Celebrating the benefits of learning Japanese


Intern Feliks Krawczyk with colleagues from Kyushu Railway Company. Image courtesy of Asia New Zealand Foundation.


 
A mini-symposium highlighting the benefits of learning Japanese is just part of an evening of celebrations being held in Auckland on September 30.

Coordinator of the Japanese programme and Massey University lecturer in Japanese, Dr Penny Shino, says the celebration brings together a number of key events that focus on the enduring benefits of having Japanese language skills and understanding the culture.

“We have a long history of business and cultural engagement with Japan, and it has consistently been one of our top trading partners for many decades. There are so many more job opportunities for people who learn additional languages these days, and we’d like to celebrate that at this event,” Dr Shino says.

The celebration begins with the prize giving for the national tertiary Japanese language speech competition, and is followed by the official book launch of Creating New Synergies: Approaches of Tertiary Japanese Programmes in New Zealand co-edited by Dr Shino, Dr Masayoshi Ogino from the University of Canterbury, and Dallas Nesbitt of AUT. The book, published by Massey University Press, is the first of its kind to investigate how Japanese language teaching methods in tertiary institutions in New Zealand have adapted over the last 50 years.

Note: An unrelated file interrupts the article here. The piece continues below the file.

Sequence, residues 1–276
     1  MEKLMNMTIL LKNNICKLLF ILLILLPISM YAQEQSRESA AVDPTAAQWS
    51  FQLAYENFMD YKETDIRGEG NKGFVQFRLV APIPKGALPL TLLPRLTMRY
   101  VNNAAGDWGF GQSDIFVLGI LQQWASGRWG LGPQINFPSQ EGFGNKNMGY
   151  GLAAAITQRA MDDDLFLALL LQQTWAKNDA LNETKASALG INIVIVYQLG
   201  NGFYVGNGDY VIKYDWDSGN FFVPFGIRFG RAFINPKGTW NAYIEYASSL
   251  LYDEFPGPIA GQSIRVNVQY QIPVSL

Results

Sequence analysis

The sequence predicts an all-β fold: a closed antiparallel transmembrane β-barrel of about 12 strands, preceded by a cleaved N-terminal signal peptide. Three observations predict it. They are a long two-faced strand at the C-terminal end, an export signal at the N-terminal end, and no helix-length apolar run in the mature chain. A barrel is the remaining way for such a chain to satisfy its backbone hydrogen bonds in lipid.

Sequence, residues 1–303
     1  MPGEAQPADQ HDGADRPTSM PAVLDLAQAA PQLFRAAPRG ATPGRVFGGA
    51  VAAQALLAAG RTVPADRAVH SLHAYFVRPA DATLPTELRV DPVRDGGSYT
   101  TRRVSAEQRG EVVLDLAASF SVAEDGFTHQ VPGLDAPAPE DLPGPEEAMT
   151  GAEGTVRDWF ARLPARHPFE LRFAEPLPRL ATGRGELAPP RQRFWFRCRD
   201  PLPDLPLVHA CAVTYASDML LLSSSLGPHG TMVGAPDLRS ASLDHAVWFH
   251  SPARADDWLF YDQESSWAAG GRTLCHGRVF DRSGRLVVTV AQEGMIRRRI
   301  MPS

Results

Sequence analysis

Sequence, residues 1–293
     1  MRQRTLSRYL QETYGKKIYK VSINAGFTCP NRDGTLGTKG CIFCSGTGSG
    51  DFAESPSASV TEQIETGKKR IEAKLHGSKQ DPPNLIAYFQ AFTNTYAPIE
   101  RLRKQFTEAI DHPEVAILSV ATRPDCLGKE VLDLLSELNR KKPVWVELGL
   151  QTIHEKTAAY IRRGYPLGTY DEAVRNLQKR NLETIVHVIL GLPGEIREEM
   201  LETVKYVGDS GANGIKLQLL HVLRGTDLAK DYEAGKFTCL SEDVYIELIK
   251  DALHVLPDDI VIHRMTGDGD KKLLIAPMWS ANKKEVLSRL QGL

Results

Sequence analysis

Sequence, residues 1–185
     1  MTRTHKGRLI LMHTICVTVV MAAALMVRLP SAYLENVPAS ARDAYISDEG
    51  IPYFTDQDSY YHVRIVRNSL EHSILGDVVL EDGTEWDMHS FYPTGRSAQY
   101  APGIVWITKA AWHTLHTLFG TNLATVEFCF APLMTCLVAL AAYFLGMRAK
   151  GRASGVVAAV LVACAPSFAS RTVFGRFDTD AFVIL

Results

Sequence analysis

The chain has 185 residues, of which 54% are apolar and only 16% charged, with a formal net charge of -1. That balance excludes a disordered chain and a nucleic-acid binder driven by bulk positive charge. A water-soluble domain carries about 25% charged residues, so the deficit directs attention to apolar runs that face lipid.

The book will be launched by the Deputy Head of the School of Language and Culture at AUT Annelies Roskvist, and Pro Vice-Chancellor of the College of Humanities and Social Sciences at Massey University, Distinguished Professor Paul Spoonley.

The Sasakawa Fellowship Fund for Japanese Language Education will also launch their YouTube project “Why Japanese?” which highlights the opportunities and adventures experienced by nine high-flying New Zealanders, in significant part because of their Japanese language skills. It will be introduced by the Assistant Vice-Chancellor Research Academic and Enterprise at Massey University, Professor Giselle Byrnes, and the co-ordinator of Sasakawa Programmes Naomi Collins.

The mini-symposium ‘Where does Japanese language learning lead you?’ starts with keynote speeches from two top students just embarking on their career with Japanese. It is followed by a panel discussion featuring business people and educators, including Dr Junji Kawai, Nic Keating, James Penn, Michelle Lodge, and Dr Shino.

“This cross-sector multi-university event shows the new and exciting phase Japanese studies in New Zealand has entered into. We are all sharing our strengths to promote the uptake of this wonderful language and culture. It opens up so many more doors for work, travel and life experiences,” Dr Shino says.

The event will be held at WG 308 at AUT on Wellesley Street in Auckland on September 30 from 4pm. RSVPs are requested for catering purposes by 5pm, September 28, to Dr Masayoshi Ogino.

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